On the club scene, swing by the gorgeous new waterfront brewhouse Foam Brewers for equally gorgeous vocal jazz from local chanteuse Audrey Bernstein with guitarist Joe Capps — and maybe stick around for some classic country from Eric George and the Honky Tonk Band. (It can't be all jazz all the time, right?)
Smooth Antics vocalist Stephanie Lynn Heaghney lights up the Light Club Lamp Shop with a solo set — see the review of her new EP. Then maybe pop in next door for some gritty Afro-funk courtesy of Oobleck at Radio Bean.
Sunday, June 5
After a full weekend of overindulging in ... er, jazz, ease into Sunday with the smooth stylings of local blues-soul man Dave Keller on the City Hall Stage. Then check out the BCA Center for Brandee Younger, widely regarded as one of the finest young jazz harpists on the planet. (Yes, jazz harpist.)
If you missed Will Bernard, swing by Flatbread for his trio's brunch set — because eggs Benny pizza goes great with guitar jazz and a Bloody Mary. Speaking of pizza, you could opt for a special version of the weekly Bluegrass Brunch Scramble at the Skinny Pancake featuring Zach Nugent and Ed Grassmeyer's Crepe Tapes, a tribute to Garcia-Grisman-Rice the Pizza Tapes.
Back outside, proggy local outfit Japhy Ryder bring their ethereal fusion of hip-hop, dub and Afrobeat to the City Hall Stage on Church Street. They're followed by free-jazz outfit Triage. Afterward, get sweaty to the deep grooves of Grundlefunk. At the Top Block Stage, dig on sax ace Matt Parker and his trio, with guest vocalist Emily Braden. Boston funk-rock — or "runk" — band Otis Grove open.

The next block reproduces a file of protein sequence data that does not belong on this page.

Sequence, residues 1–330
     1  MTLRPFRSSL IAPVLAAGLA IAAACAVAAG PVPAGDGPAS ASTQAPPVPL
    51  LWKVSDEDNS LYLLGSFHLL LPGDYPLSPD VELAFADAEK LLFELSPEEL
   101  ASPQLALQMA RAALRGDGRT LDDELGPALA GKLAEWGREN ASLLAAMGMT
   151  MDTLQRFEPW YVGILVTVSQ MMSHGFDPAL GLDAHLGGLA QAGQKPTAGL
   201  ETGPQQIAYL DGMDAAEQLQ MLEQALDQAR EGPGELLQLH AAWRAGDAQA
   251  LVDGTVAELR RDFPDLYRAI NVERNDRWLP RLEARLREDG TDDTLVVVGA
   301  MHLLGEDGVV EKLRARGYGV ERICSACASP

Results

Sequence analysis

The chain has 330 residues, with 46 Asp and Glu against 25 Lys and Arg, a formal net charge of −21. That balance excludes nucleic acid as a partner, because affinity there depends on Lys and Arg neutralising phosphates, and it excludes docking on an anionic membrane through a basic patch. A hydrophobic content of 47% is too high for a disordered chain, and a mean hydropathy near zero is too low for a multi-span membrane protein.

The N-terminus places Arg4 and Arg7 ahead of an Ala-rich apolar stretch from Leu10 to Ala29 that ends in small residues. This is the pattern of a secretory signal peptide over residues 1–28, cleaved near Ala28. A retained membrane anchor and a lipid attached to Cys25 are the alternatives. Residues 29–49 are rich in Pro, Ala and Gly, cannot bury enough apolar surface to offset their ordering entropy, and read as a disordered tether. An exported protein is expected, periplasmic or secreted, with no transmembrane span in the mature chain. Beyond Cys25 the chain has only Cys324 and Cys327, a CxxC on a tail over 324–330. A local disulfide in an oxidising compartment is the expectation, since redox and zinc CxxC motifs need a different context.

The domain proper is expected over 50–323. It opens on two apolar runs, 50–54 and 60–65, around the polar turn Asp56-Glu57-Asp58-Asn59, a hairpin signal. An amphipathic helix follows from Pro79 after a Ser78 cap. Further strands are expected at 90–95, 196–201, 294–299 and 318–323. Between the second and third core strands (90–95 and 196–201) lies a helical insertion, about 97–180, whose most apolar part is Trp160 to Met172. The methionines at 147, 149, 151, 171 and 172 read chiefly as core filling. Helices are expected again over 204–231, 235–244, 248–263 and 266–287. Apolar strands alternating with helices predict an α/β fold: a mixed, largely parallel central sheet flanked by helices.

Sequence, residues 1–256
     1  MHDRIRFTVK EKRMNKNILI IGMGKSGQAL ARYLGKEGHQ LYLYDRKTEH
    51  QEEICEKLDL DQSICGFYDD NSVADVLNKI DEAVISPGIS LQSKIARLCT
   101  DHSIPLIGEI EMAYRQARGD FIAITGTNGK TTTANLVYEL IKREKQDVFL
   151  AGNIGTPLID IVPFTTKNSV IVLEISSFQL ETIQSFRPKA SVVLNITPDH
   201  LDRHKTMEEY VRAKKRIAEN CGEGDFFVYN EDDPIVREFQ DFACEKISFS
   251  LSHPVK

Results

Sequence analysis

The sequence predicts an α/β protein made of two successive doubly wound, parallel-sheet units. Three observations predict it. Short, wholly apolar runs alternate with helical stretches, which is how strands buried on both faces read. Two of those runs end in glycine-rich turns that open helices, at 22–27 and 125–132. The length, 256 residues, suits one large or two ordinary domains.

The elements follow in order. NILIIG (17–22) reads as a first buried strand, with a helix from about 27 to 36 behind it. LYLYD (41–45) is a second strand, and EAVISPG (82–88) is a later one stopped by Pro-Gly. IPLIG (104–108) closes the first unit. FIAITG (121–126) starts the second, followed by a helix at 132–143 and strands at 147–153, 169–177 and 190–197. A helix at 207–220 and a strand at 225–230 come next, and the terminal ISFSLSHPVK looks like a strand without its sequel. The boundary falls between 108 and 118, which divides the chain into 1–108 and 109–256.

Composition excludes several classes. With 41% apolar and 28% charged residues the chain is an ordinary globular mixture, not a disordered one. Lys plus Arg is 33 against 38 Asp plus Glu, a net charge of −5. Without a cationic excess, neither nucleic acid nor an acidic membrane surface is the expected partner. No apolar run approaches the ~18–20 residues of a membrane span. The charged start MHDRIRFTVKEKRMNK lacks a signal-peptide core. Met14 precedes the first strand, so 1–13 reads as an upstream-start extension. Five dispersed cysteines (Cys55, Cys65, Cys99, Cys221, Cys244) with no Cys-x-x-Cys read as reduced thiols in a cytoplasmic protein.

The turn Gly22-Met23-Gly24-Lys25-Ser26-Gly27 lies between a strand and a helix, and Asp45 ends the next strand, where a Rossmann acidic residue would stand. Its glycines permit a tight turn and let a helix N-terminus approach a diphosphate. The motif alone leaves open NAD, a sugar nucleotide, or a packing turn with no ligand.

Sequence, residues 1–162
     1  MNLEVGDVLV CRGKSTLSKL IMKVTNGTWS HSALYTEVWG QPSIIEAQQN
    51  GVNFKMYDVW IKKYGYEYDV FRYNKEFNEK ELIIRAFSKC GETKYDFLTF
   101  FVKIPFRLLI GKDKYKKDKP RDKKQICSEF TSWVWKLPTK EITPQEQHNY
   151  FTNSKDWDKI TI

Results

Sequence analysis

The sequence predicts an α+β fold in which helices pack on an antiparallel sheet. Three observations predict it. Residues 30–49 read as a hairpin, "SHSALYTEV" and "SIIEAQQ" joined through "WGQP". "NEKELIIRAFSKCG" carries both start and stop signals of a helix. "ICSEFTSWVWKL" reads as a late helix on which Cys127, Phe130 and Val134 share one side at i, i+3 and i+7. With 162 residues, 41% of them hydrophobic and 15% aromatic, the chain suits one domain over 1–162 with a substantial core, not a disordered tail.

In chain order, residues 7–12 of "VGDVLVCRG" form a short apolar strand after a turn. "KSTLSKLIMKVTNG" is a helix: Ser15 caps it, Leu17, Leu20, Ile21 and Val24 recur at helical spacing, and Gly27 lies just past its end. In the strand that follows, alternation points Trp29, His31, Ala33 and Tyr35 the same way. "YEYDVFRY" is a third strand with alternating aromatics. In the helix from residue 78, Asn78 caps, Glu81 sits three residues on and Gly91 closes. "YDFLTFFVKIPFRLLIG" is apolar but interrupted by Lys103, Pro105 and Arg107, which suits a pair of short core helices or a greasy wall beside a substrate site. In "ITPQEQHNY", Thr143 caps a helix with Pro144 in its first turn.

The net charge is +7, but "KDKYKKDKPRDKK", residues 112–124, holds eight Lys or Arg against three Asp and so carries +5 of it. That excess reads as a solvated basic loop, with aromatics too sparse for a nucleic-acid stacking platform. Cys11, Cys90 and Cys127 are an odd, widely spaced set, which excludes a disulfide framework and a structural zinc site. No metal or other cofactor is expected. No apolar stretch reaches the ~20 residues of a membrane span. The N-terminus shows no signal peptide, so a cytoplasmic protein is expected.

Monday, June 6
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One of the festival's great traditions is hosting practically every middle and high school jazz band in the state for afternoon sets on Church Street. Swing down on your lunch break every weekday beginning Monday for your fix of "In the Mood" and "Stormy Weather."
Another great BDJF tradition is welcoming back hepcat expats who return for heavy gigging throughout the festival — many of whom probably got their starts with those afternoon school sets. Now based in Montréal, Parker Shper is one such talented prodigal son. Catch the keyboardist at Leunig's for a lunch set. Later in the day, local trio Silver Bridget offer their eerie renditions of pop hits played on musical saw — you read that right — at American Flatbread. Things get steamy at Radio Bean with the island grooves of rocksteady outfit Steady Betty, followed by cumbia ensemble Mal Maiz.
Tuesday, June 7
A little-known rule in Burlington is that you haven't done jazz fest unless you've caught at least one set from local guitar virtuoso Paul Asbell. Cross that one off your list with his Leunig's set on Tuesday. After work, swing by Nectar's for a cold beer by the open garage-door window and hot jazz with the Pat Markley Trio.
Venerated local psychotropical jazz outfit Gua Gua get heady at Radio Bean, while Ethan Snyder & Friends get spacey with experimental jazz shenanigans at Halflounge. In the evening, drop by the Skinny Pancake and hear some of the finest jazzgrass around with local supergroup Hot Flannel. Then grab a nightcap at the Light Club Lamp Shop and bliss out to the effortlessly smooth sounds of the Julian Chobot Trio.
The original print version of this article was headlined "Free Jazz!"